Sci-Fi Action,Creature Film,Sci-Fi Horror
Year of Release
30th Anniversary, Blu-ray
Dolby Digital w/ sub-woofer channel, Digital Theater Systems (akin to 5.1)
James Cameron’s “Aliens” is the rare sequel that not only improves upon the original in every way, but could be a standalone film. It’s definitely a sci-fi classic, with lots more action and horror elements from the original. Sigourney Weaver, Bill Paxton, and more are outstanding, but the story and production values are amazing. This edition includes many special features, including artwork and more that helps understand Cameron’s thought process. Well worth it, all things considered!
I would recommend this to a friend
Rated 4 out of 5 stars
One of the Greatest- 4 1/2
I'll be frank: I'm a Xenomaniac. The first two movies in this franchise (Alien and Aliens) are fantastic masterpieces, that, along with Predator, added two memorable creatures to the horror/ sci-fi genre.
Where the original Alien scared us with one creature, one new, fresh, unknown monster that would make its way into the lexicon of great movie monsters, Aliens knew the scares were over. Those off to see Aliens (a full 7 years after the original hit the screen) were more than familiar with the titular creature, and James Cameron; still making a name for himself, took the next best road...
He added many more Aliens and set them loose against a heavily armed squad of marines. He'd also add yet another great creature into movie history with the impressive Queen.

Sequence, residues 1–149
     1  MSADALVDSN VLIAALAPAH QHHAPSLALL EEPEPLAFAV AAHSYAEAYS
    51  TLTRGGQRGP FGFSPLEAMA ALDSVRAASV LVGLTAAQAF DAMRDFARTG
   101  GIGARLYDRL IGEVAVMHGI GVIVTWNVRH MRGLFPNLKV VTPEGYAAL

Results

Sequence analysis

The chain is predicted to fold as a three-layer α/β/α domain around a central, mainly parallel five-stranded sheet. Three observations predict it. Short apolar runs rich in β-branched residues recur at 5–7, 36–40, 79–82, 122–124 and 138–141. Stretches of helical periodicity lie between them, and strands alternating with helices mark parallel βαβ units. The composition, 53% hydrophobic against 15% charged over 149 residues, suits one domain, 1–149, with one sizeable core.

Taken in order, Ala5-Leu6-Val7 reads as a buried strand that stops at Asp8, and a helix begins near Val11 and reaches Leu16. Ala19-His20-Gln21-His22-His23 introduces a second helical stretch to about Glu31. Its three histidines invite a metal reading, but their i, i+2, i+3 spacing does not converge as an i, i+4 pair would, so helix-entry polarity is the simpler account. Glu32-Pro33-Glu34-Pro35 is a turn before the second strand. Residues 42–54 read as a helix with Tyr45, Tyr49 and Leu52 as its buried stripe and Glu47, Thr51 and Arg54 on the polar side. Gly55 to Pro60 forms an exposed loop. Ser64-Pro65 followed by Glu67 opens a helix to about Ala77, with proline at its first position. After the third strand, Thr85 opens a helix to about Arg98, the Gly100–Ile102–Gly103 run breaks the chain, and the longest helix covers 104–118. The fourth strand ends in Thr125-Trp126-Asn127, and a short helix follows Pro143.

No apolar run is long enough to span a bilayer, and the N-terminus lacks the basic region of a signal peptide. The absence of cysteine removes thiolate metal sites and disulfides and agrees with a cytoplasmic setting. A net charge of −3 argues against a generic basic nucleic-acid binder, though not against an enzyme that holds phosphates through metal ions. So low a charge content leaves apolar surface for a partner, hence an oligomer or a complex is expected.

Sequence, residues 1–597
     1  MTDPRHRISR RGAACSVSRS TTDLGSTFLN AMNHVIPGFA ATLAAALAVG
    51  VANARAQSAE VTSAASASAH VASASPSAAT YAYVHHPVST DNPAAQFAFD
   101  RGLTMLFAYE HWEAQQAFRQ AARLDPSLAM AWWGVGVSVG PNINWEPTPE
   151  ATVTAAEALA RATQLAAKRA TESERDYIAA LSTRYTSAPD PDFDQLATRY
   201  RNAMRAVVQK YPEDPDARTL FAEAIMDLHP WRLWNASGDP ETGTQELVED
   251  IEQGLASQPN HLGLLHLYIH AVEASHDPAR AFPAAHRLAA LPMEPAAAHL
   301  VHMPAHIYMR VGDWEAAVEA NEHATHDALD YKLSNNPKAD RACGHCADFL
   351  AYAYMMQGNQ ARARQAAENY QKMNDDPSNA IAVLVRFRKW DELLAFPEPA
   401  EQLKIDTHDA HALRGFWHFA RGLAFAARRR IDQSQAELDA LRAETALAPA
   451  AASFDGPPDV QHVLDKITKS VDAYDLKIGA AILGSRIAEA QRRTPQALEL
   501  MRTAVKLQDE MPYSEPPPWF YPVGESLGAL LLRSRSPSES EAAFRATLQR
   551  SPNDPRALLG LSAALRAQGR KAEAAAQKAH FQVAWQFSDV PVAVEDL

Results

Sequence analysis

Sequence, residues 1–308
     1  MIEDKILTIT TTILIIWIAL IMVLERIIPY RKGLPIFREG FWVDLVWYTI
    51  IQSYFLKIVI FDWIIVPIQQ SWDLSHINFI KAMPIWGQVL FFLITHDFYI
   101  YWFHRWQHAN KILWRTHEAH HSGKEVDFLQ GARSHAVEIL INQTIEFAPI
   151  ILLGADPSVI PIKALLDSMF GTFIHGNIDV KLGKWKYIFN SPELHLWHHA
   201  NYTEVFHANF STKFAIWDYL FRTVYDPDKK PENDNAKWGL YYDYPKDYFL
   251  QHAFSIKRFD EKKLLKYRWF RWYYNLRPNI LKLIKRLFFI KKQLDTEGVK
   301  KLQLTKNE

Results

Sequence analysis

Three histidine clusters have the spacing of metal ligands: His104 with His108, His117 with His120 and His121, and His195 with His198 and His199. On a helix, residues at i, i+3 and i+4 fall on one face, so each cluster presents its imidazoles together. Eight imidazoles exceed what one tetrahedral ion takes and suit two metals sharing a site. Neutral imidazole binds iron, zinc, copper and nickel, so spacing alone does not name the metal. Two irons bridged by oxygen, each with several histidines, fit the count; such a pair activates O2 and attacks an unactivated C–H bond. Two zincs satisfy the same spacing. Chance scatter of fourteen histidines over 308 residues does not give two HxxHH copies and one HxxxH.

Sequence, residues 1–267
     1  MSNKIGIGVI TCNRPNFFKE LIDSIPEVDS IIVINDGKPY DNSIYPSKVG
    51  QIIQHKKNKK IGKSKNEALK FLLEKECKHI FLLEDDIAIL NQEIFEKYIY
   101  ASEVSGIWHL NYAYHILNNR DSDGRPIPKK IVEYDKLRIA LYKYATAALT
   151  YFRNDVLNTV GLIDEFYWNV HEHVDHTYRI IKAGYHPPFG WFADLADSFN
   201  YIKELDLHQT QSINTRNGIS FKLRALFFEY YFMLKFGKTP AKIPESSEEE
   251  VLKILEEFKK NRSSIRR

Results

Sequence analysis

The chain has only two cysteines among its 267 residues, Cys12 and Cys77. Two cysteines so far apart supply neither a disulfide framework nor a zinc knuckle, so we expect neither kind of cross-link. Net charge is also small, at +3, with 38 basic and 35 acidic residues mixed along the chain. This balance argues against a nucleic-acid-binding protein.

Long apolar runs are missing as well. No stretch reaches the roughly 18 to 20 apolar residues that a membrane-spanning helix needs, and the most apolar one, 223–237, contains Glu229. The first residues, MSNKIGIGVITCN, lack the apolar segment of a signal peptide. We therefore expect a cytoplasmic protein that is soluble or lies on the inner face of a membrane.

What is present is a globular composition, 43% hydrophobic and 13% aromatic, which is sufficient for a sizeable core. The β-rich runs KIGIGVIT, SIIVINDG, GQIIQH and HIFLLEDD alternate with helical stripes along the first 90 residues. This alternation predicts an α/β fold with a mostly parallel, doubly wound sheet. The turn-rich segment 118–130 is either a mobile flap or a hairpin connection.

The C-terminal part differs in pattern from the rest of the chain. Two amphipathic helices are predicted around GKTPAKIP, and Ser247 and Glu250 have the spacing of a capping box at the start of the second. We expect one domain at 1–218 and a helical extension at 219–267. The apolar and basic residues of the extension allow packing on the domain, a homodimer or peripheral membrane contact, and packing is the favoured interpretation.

While Cameron has stated Aliens is his take on Viet Nam (a cocky, highly armed militia in the US heading against an army that featured more troops, familiarity with the territory, and a singular purpose) he doesn't slam you over the head with his underlying tone. No, this is Cameron at his finest. His first big-budget (having only had the small budget in the original Terminator) action film that would lead to him truly being the master of the sci-fi/ action fest.
While FOX would believe his vision was too long for theater-goers, we're blessed that other Xenophiles, like myself, familiar with the script (that the novelization was based on) knew that some rather interesting chunks were taken out of the film. When CBS(/ if memory serves) gave Aliens its first commercial broadcast, it was confirmed. In an effort to add some time back into the film, people were shocked to finally see scenes acknowledging that Ripley had a daughter, that it was, in fact, Newt's father that had been brought back to the colony with a facehugger attached to his face, making him the first infected, or the sheer awesomeness of the sentry guns.
The director's cut of the film has, after making it onto Laserdisc, eventually been the staple release of the film, and this blu ray is no different. It's been remastered, bringing forth the beautiful blue hue that permeates every scene upon the arrival at LV-426. The image is top-notch.